It’s still clear the community mood on support for (ill-defined) measures to combat climate change has increased in intensity since Abbott won the 2013 election – a victory in part predicated on abolishing Labor’s hated carbon tax.
Australia has pledged to reduce greenhouse gas emissions by 26-28% by 2030, from 2005 levels, but the plans have been criticized by environmental campaigners for falling behind other countries. The EU has committed to reducing emissions 40% below 1990 levels by 2030.
This is the target that the independent Climate Change Authority says Australia should be trying to achieve within 5 years, rather than 15, and it is less than half the 40-60 per cent reductions for 2030 recommended by the CCA.
The report notes research demonstrates some politicians and business leaders are increasingly out of touch with strengthening public attitudes on climate change and related solutions.
It is, after all, a government that has already canned the carbon price, slashed the renewable energy target and dismantled numerous other incentives and institutions. It may be that we should be surprised that the Coalition has come this far at all.
“Australia’s weak target is another serious blow to its worldwide reputation”, said Marshall Islands foreign minister Tony de Brum. Emission targets are very sensitive to the baseline year chosen.
Diplomatically, the Abbott government has done the bare minimum it can to avoid being a climate pariah at the Paris summit in December.
Critics say it leaves Australia horribly exposed to the economic and technology changes that are sweeping the world, as evidenced by a new report highlighting how large-scale solar is cheaper than imported coal, and the abandonment of the Adani coal project by the last major bank supporting it.
The Australian government will announce just how much it plans to cut carbon emissions by 2030 on Tuesday.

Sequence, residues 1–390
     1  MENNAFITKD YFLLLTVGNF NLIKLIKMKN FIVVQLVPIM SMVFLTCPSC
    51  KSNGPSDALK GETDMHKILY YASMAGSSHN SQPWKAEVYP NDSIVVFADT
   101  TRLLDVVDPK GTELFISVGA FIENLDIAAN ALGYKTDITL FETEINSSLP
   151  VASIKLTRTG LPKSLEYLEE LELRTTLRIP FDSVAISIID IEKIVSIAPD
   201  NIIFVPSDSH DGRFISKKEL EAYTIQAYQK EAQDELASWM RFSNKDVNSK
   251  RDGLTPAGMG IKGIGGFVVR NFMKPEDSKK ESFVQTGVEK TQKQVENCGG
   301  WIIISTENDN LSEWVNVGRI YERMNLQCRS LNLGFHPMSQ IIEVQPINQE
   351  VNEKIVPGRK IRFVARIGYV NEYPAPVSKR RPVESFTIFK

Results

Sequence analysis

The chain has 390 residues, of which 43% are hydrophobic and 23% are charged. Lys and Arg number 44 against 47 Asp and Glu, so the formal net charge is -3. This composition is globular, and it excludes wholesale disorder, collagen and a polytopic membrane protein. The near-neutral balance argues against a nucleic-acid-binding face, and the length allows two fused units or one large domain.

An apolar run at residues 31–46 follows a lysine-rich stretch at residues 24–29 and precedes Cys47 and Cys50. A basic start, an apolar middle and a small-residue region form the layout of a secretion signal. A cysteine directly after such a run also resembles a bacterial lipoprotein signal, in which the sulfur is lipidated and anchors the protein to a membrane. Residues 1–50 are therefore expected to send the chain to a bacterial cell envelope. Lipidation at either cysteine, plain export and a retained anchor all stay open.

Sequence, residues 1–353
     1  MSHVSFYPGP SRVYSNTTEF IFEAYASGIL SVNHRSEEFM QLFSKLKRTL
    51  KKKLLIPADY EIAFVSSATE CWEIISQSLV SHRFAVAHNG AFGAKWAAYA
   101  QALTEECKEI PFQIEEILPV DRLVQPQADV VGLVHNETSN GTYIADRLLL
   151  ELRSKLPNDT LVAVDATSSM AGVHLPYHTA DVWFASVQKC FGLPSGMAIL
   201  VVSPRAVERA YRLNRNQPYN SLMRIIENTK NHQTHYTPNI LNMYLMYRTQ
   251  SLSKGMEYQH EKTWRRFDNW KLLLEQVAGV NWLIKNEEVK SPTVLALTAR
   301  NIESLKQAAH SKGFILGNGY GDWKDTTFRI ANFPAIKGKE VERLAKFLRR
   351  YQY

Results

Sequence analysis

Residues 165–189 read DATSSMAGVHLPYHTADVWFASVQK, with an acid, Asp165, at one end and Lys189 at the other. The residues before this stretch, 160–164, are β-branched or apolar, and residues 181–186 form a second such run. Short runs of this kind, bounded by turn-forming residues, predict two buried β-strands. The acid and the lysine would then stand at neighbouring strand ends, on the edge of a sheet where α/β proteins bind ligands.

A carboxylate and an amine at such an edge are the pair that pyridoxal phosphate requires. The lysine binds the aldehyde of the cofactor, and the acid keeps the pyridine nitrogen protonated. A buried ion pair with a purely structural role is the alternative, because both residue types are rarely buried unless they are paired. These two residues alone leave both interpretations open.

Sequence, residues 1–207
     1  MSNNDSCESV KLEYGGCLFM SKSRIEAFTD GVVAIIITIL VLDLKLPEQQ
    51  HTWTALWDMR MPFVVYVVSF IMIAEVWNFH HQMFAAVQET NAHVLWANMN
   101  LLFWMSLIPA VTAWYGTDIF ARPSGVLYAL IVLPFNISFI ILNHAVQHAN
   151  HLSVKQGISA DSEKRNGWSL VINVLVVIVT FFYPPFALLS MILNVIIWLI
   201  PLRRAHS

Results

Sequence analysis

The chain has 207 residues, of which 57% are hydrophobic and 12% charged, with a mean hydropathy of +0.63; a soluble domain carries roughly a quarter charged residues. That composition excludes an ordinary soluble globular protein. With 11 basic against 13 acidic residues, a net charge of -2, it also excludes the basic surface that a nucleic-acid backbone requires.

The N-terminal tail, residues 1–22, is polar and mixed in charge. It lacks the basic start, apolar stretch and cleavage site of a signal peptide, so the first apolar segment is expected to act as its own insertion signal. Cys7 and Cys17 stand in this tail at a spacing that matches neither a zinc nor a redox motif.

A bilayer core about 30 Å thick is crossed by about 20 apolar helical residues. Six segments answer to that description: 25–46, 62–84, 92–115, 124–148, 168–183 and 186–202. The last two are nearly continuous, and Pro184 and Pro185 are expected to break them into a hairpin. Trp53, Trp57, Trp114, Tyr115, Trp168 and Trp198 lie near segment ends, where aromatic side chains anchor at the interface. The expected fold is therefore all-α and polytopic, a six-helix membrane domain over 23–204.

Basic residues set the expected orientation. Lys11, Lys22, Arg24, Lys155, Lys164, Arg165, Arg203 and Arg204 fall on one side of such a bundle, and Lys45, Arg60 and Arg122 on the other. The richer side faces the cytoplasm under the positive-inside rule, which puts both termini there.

CLAIM: Australia’s target is the highest reduction on a per capita basis.
In recent years, Australians have tended to be more concerned about the cost of climate-friendly policies than the potentially hazardous consequences of not acting to protect the environment.
The real meaning of those numbers depends on what year’s levels each country based the cuts.
Mr Abbott announced that Australia would cut emissions by 26 to 28 per cent of 2005 levels by 2030 – a target well below the average of about 36 per cent amongst developed nations.
“The target that they have put on the table is well below the efforts of the USA, China, and UK and nowhere near enough to reduce the risk of catastrophic global warming”, Walker said.
“This is a critical test for Tony Abbott. This government is dangerously out of step on the most pressing issue of the 21st century”.
Australia has one of the highest emissions rate per head of population (as can be seen on the graph below).
Mr Hunt did not refute the prospect that the cuts would also rely on the decline in Australia’s manufacturing industry – the most heavy-emitting sector in the economy; but he would not detail what assumptions were made in the government’s modelling.
“The government and the opposition have an opportunity to join mainstream Australian attitudes with climate commitments and policies which can limit carbon pollution, encourage renewable energy and clean up our energy system”, said John Connor, CEO of The Climate Institute.
“It’s a defeatist target that shows no faith in the ability of Australians to adapt, innovate and make the transition to a clean economy”.